The coral reefs of Hawaii are some of the most thoroughly explored and surveyed in the world, which makes it all the more surprising that a recent trip to Kure Atoll, at the northern tip of the archipelago, revealed the presence of three undescribed species. The NOAA sponsored study during which these dives took place was part of an effort to better our understanding of the region’s marinelife and is part of a larger initiative to expand the border of the Papahānaumokuākea Marine National Monument to the fullest extent allowed under international law. A team of researchers, including Dr. Richard Pyle and Brian Greene, ventured deep into the mesophotic realm to observe and collect the many poorly known fishes present, and one of the most startling conclusions these researchers found was that, on many dives, the reefs were exclusively populated with fish species found only in Hawaii, by far the highest rate of endemism known for any coral reef.
Aside from the usual Genicanthus personatus and Chromis struhsakeri sightings, the team collected the first male specimen of the Hawaiian Pigfish (Bodianus bathycapros), a beautiful deepwater species sporting bright red fin margins. The well-known Orange-margin Butterflyfish (Prognathodessp.), which has been semi-regularly exported for the aquarium trade, was also sighted and collected, meaning this fish may finally be described soon. One interesting note shared by Dr. Pyle is that this fish is normal found in groups of three.
The new wrasse is also a species that has been known to scientists for a while now and is believed to be a close relative of the Suezichthys Rainbow Wrasses, especially the South Pacific S. arquatus and the Japanese S. notatus. Like most of the species in this colorful subtropical genus, this new Hawaiian fish is not available in the aquarium trade. The males and females appear to have stark color differences, in keeping with others in the group; females sport black spots posteriorly, while the male is a mostly pale, pink fish with some linearly arranged black stipples behind the eye.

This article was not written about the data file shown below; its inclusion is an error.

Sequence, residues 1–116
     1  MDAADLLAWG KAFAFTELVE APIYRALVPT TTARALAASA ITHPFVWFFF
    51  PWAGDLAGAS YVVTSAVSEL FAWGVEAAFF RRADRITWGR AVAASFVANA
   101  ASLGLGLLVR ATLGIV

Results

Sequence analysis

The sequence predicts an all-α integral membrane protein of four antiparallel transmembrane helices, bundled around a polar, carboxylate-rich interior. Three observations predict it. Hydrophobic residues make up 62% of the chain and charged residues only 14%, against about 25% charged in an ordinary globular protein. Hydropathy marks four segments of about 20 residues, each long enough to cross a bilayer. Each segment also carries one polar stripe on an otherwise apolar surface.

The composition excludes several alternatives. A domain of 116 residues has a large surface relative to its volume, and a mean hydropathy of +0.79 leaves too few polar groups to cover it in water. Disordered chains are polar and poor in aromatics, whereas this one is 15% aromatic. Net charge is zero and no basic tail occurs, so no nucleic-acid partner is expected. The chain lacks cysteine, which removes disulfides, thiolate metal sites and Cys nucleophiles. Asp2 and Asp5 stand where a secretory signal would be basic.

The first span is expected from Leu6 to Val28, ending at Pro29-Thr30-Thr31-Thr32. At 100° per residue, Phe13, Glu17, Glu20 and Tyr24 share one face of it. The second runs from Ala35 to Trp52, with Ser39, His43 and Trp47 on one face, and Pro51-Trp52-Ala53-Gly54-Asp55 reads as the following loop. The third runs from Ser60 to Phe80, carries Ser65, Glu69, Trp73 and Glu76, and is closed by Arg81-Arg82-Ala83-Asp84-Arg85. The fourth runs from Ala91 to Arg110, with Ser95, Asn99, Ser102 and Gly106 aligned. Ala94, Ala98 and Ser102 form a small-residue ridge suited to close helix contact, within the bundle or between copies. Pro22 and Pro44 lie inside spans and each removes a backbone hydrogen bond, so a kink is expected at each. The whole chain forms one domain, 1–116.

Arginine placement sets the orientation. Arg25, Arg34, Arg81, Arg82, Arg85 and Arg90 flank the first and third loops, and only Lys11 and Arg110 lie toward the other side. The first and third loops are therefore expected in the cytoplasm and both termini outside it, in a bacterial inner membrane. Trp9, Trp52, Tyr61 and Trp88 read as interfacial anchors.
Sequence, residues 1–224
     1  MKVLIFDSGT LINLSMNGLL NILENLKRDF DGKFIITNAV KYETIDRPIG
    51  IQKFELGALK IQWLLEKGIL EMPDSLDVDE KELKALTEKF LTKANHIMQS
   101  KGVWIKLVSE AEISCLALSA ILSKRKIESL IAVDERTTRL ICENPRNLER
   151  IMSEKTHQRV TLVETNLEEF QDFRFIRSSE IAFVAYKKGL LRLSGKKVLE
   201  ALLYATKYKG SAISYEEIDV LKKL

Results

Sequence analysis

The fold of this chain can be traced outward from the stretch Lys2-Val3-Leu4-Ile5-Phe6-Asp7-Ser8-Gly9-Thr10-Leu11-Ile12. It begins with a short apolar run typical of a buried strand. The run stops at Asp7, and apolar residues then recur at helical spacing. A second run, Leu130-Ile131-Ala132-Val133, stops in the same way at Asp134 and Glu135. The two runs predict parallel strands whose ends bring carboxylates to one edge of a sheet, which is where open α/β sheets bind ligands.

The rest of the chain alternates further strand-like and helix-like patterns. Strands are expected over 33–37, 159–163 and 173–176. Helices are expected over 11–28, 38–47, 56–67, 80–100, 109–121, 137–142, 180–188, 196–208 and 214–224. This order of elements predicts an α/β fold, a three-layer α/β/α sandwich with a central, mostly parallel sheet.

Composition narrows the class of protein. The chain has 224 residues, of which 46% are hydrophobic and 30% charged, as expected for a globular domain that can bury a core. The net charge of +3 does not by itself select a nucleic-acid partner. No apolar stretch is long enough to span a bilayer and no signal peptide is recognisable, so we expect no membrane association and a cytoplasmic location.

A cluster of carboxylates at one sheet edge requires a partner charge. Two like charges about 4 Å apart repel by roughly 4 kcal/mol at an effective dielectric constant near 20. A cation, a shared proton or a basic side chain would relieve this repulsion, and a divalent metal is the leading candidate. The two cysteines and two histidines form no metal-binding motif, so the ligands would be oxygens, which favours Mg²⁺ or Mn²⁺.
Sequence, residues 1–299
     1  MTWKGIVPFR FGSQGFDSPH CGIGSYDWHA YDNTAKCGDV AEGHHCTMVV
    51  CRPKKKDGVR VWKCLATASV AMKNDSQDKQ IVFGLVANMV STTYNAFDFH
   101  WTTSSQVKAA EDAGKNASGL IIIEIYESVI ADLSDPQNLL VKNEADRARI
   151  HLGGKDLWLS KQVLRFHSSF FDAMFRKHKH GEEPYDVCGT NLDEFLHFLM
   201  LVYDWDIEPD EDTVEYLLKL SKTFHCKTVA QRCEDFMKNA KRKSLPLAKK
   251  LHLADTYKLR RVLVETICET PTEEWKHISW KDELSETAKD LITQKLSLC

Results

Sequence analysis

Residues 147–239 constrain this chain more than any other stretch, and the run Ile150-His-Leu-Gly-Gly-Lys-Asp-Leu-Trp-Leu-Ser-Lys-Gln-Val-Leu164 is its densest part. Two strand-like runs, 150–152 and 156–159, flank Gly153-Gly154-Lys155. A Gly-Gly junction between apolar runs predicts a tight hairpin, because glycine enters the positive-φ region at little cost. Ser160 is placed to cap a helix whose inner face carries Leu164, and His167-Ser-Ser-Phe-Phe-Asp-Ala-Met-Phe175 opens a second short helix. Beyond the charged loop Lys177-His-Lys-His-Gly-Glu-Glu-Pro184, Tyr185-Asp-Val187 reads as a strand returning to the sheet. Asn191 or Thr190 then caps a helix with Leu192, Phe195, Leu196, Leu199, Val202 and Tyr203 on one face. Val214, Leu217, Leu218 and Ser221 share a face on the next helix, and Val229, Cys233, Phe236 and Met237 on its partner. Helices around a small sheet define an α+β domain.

But perhaps the most exciting discovery of this research trip was a previously unknown anthias. It was found amidst a large shoal of Thompson’s Anthias (Pseudanthias thompsoni), but could easily be recognized in having a bright red spot posteriorly in the dorsal fin. Such a marking is very rarely seen in any of the anthiines and is a strong indication that this fish is new to science. Only a handful of specimens were observed, despite a focused search for it, and just a single male and female were collected. These will eventually be used to describe this new species, which I’ve been told should happen relatively soon. It is believed to belong to Tosanoides, a rarely seen genus home to a pair of deepwater species from the Pacific Northwest. Discoveries like this go to show just how little we know about the deeper reefs of the world, and why it is so important that we protect regions like the Papahānaumokuākea Marine National Monument.